A lot of things have happened since I last updated this blog. J. Graciano, my producer, and I have been working on the next stages for the film- be it reaching out to production companies, networking or submitting to festivals. The wait to hear back from film festivals can seem like an eternity, but that is often the masochistic nature of filmmaking. What has kept our spirits high is the fact that the few close friends and cast / crew that we have shared the film with so far are giving great responses.
Of the people who have seen the movie so far and the trailer, many have asked about the motion graphics of the film. The lively, authentic, effects that were created by Jarrod Dowalter, our designer have definitely been a crowd favorite in bringing life into the room scenes.
About half of the film takes place in Jessy’s room with static closeup shots, intercut with b-roll of various items around her room. I wanted to really re-create the sensory overload of chatting on AIM during the early 2000s as a young pre-teen. These scenes of Jessy in her room needed to reflect her own world. The fast paced nature of the chats alongside Jessy’s (Evelyn Warner) wide-eyed, uninhibited emotions really immerse the viewer into exactly that - Jessy’s headspace. These crucial scenes served as a visual diary into Jessy’s mind, which would later aid viewers in the upcoming scenes.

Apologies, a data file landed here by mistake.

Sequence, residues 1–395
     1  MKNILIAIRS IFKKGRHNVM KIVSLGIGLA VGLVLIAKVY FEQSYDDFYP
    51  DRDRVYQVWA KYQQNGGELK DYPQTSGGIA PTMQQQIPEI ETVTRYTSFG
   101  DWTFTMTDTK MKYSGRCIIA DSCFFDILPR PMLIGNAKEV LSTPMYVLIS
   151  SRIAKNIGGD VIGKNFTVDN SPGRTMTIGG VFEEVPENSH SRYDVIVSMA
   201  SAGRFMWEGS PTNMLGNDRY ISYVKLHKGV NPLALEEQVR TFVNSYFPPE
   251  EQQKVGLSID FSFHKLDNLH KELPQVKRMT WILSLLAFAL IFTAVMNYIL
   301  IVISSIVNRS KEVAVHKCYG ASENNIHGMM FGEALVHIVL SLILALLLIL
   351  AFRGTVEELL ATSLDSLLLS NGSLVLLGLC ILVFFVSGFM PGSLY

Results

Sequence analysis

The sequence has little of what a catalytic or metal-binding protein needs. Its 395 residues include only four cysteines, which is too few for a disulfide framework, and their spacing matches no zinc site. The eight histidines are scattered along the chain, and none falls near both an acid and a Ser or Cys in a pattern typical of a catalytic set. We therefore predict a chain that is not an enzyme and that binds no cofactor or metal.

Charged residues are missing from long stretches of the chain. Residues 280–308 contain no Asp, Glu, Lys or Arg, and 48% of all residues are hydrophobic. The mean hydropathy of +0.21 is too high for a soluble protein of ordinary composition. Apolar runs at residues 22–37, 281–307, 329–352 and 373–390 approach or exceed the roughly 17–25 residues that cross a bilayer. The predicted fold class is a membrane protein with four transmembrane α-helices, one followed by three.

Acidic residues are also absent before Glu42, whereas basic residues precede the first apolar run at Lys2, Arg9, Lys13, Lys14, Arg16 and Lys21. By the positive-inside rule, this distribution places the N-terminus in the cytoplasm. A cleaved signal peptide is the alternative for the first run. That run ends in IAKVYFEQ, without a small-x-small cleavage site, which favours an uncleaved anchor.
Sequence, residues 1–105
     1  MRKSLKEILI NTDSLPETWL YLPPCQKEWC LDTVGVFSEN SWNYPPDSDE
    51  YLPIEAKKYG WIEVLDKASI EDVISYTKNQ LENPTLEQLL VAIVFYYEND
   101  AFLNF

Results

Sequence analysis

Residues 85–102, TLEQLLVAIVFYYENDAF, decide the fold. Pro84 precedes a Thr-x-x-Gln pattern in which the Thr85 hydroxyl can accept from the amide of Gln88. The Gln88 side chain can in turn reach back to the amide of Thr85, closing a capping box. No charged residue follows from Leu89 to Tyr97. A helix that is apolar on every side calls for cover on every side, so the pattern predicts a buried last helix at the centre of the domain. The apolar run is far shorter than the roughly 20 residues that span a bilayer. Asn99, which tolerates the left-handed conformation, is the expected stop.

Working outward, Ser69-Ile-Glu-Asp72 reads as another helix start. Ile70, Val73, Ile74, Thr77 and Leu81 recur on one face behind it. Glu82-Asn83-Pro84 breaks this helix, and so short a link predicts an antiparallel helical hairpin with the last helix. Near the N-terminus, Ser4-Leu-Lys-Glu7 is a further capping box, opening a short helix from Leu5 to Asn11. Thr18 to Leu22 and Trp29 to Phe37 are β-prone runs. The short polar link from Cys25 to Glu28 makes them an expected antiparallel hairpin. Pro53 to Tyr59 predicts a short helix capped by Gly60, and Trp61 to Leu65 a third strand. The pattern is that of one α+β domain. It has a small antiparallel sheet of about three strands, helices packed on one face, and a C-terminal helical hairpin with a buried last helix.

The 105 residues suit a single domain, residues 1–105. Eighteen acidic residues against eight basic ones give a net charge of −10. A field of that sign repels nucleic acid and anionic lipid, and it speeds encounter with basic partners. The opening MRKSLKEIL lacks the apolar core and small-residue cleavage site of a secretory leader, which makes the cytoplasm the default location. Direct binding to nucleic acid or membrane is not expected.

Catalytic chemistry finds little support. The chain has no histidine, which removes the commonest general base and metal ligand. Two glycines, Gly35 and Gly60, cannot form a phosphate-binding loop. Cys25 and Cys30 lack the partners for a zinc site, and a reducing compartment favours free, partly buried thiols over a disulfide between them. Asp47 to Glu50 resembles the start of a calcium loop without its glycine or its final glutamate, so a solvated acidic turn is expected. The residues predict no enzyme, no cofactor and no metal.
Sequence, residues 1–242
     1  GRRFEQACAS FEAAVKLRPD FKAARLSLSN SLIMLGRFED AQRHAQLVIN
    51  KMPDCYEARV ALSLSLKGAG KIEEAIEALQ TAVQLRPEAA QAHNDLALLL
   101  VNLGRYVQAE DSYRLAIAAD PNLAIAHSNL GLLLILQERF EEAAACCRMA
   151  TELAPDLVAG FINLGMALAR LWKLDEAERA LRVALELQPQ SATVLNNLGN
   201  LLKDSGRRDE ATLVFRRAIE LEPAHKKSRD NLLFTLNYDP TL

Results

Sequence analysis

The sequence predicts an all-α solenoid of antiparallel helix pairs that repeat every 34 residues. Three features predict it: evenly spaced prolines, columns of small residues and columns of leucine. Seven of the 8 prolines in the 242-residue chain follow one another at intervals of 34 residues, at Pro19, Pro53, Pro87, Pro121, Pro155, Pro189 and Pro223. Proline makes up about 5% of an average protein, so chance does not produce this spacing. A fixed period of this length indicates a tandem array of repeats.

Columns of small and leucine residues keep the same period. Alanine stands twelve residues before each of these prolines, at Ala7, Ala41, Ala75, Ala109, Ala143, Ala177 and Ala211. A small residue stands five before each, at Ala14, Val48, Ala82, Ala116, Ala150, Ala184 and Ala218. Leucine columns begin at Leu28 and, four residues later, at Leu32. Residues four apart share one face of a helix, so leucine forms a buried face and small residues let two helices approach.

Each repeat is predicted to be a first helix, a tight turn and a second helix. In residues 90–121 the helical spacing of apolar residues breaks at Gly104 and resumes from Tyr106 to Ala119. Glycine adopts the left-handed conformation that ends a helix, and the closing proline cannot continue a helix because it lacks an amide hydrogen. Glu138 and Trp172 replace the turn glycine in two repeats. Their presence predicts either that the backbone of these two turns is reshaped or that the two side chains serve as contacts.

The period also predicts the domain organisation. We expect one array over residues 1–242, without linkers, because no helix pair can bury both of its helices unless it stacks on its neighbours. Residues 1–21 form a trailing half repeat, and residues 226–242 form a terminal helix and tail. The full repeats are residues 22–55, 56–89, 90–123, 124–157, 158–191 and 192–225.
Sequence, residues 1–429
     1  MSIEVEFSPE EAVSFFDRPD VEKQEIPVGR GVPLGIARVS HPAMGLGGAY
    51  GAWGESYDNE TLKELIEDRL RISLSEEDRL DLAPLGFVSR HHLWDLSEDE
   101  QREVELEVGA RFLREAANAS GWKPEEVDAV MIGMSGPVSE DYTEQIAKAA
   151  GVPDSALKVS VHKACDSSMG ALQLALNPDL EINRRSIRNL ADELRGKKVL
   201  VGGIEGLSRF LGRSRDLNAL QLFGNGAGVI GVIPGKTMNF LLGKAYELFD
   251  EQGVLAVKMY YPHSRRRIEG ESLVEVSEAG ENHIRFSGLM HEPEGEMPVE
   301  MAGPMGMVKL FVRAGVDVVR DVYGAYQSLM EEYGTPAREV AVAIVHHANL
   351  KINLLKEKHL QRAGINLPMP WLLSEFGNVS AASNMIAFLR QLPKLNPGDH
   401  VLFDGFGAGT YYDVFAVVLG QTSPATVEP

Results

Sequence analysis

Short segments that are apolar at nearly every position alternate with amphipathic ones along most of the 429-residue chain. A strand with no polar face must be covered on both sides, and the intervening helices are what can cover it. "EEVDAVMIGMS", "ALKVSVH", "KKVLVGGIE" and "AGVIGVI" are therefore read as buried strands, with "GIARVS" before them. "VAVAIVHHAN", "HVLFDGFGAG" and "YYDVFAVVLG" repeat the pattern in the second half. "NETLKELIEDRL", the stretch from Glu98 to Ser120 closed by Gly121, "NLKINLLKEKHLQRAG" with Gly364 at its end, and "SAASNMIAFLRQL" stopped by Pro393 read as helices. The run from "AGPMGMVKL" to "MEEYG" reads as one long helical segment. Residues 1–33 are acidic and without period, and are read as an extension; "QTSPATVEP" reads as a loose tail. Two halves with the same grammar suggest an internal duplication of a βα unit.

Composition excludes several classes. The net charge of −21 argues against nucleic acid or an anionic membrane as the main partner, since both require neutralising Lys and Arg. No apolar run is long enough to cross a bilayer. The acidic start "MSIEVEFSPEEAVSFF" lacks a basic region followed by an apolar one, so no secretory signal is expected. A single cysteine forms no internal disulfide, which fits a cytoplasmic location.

The challenge with the AIM graphics were that they needed to meld our desire for authenticity of the AIM software with the need to give a sense of total immersion to an audience with far higher technological literacy - (if the movie had taken place 10 years later, Jessy would probably be on Instagram and we would have a far shorter convo consisting of eggplant emojis and sliding into DMs - highly inappropriate stuff).
Thanks to Jarrod's diligence and patience with our many requests and revisions, we finally reached a perfect hybrid of authenticity and effect. Here are some of the drafts that we went through:
This was the very first draft that Jarrod did. It was based off of a drawing that I had sketched. This was super cool looking, with a very minimal take on the chat box that you see on the right. I felt that the motion tracking was too distracted for the entire scene and ultimately cut that out so that the focus would be on the crucial written dialogue.
For the second draft, I wanted to bring back all the little widgets that the IM box (left) had. These were crucial elements, such as a "warn" button that you could virtually zap people with to make them wait before sending messages - seems like something we should bring back in this age of internet trolls? I wanted to make the whole set up a bit less rigid which explains the top half of the box and why we tried making the text float freely.
This was kind of a wildcard thought of by J. Graciano, who wanted to try out amping up a more modern-day look. Personally, I felt it was too far off from the original look. One of the crucial aspects of this film is the nostalgia factor and that relies heavily on authenticity!
In terms of the final version, all I can say is that I loved how the final recreation turned out - revamping the archaic software of the Internet Stone Age, while still keeping it recognizable to us old timers. You will have to see the movie to see the full, finalized version. It is an all encompassing, full-throttle experience that is sure to give you an adrenaline rush of pre-teen, emotional ups and downs.